by Wladimir Brunet de Presle
Brunet de Presle, Wladimir. 1850. Examen critique de la succession des dynasties égyptiennes, première partie. Paris: Didot.
English translation of the original French text
§ 11. The Royal List in hieratic writing of the Turin Museum. A document which would have shed the brightest light on the Egyptian dynasties, if its importance had been understood, and been preserved from the alterations which a fatal negligence has caused it to suffer. It consists of a royal list on papyrus in hieratic writing, going back to the very origin of the monarchy; a list, which may give us an idea of what the priests, had preserved in their archives, and showed to Herodotus, and according to which Manetho had used to compose his History above all.
This document is said to have been discovered in the ruins of Thebes, acquired by Mr. Drovetti, the Consul General of France at Alexandria, and brought with his collection to Livorno, from where it passed into the Egyptian Museum of Turin. However, not without suffering damage in the various transports which reduced it to numerous fragments that are difficult to bring together.
As soon as the existence of a document of this kind became known, some of the doubts that reigned over this part of the chronology were lifted. However, several years passed without the scholars could use this treasure. The rumor spread that it had been lost or destroyed. A few brief notes on this manuscript dispelled this fear, but diminished the hopes the first announcement made. In the first volume of his Monumenti storici, published in 1832, Mr. Rosellini explained the circumstances, which had prevented him from making use of this document.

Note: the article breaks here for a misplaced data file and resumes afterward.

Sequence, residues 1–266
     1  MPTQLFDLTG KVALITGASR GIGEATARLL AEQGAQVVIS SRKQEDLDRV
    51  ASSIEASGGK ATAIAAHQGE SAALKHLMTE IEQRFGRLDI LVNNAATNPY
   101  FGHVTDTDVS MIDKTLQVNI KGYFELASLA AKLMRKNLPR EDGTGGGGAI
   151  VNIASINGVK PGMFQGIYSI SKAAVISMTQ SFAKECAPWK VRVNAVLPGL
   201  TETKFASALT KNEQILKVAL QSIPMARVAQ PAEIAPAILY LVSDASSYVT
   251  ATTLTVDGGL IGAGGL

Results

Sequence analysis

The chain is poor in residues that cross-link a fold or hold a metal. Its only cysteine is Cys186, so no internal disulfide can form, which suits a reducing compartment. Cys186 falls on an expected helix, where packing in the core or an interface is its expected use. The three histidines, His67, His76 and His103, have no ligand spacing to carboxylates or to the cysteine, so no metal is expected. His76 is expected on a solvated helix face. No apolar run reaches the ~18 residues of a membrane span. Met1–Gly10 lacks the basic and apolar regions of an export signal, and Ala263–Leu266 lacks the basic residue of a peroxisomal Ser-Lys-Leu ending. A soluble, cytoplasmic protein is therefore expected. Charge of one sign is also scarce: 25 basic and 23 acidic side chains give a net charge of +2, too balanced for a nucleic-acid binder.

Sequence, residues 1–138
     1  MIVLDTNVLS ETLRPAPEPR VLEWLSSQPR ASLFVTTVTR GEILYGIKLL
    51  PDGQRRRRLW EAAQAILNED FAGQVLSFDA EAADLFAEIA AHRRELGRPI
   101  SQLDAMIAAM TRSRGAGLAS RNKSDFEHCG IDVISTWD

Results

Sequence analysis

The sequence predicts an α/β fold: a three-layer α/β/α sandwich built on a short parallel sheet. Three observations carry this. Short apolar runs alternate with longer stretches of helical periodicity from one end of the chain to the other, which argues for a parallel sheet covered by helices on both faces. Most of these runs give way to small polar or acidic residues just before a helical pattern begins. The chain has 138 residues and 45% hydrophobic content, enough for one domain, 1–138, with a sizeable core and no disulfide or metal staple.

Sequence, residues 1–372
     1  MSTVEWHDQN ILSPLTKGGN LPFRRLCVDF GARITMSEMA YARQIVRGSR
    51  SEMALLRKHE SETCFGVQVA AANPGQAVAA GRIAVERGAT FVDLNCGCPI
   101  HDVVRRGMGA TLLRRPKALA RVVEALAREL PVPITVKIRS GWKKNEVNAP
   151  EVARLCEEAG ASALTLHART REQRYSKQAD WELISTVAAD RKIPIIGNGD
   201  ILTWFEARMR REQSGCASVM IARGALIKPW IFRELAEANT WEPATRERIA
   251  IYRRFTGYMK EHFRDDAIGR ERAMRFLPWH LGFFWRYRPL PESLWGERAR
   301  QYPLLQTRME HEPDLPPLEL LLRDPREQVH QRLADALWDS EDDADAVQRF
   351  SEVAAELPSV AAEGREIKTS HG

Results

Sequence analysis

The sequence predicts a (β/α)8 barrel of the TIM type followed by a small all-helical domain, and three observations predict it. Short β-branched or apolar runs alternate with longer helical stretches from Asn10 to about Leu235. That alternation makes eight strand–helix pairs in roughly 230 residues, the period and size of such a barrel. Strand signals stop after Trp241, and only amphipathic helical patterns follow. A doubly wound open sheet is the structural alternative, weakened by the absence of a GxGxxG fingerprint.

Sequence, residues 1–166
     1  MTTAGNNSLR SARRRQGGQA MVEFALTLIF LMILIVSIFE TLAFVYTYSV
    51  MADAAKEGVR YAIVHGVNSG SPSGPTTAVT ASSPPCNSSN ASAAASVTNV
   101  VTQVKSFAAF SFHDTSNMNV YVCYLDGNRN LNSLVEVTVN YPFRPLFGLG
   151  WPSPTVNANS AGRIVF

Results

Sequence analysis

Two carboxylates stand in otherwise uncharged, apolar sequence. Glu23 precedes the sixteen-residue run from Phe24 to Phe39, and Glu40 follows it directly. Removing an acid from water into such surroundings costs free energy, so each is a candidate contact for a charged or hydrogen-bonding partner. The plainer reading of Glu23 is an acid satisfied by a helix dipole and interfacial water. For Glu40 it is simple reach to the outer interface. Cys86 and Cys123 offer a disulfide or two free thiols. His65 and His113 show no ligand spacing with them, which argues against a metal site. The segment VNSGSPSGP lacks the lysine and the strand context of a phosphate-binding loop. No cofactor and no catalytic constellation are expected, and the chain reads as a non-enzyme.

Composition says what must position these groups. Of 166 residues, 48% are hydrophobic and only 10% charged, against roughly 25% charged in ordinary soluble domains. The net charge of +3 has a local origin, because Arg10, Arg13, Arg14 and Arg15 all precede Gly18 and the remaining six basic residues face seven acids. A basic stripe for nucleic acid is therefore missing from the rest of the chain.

Champollion said he had no knowledge of these fragments at the time when he examined the hieratic manuscripts of the Turin Museum, from which he drew so much in his second letter to Mr. de Blacas. Some time after, a German scholar, Mr. Seyffarth, studying in his turn the fragments contained in this collection, would have recognized that a large number belonged to a list of kings, with the years of their reigns. He collected all these fragments and composed a long list of them, from which he made a copy, which he communicated to various scientists. But Mr. Rosellini adds that this papyrus was reduced to such small fragments that most of the fragments contained only one name, and that some names even consisted of several shreds. The state of fragmentation must have made the task of recomposing this list in its original state very difficult and almost arbitrary, which greatly diminished the authority of this canon, at least as to the order of succession of the reigns. The assertions of the professor of Pisa on the state of mutilation of this canon, some exaggerations that perhaps have tricked Mr. Birch and Barucchi to give him the attention he deserved. There is also a lack of accuracy regarding the French hierogrammate. Champollion was the first to mention the nature and content of this papyrus in the Bulletin universelle des sciences of 1824, whose fragments he began to classify, and where he recognized the names of the divine Typhoon, Horus, Thoth and Thmei, whom he cites in his Egyptian Grammar, as well as that of Menes. We owe Mr. Lepsius for the publication of a facsimile of this papyrus, in his Selected Monuments printed in 1842, first distributed only to a small number of friends. According to this text, Mr. Bunsen has given the list of the number of kings contained in the principal fragments; he restored the hieroglyphic reading of the names that were preserved, and tried to adapt the figures to his chronological system, especially for the Twelfth Dynasty. Mr. de Rougé, who proposed several different applications to some of these passages, followed it in this way.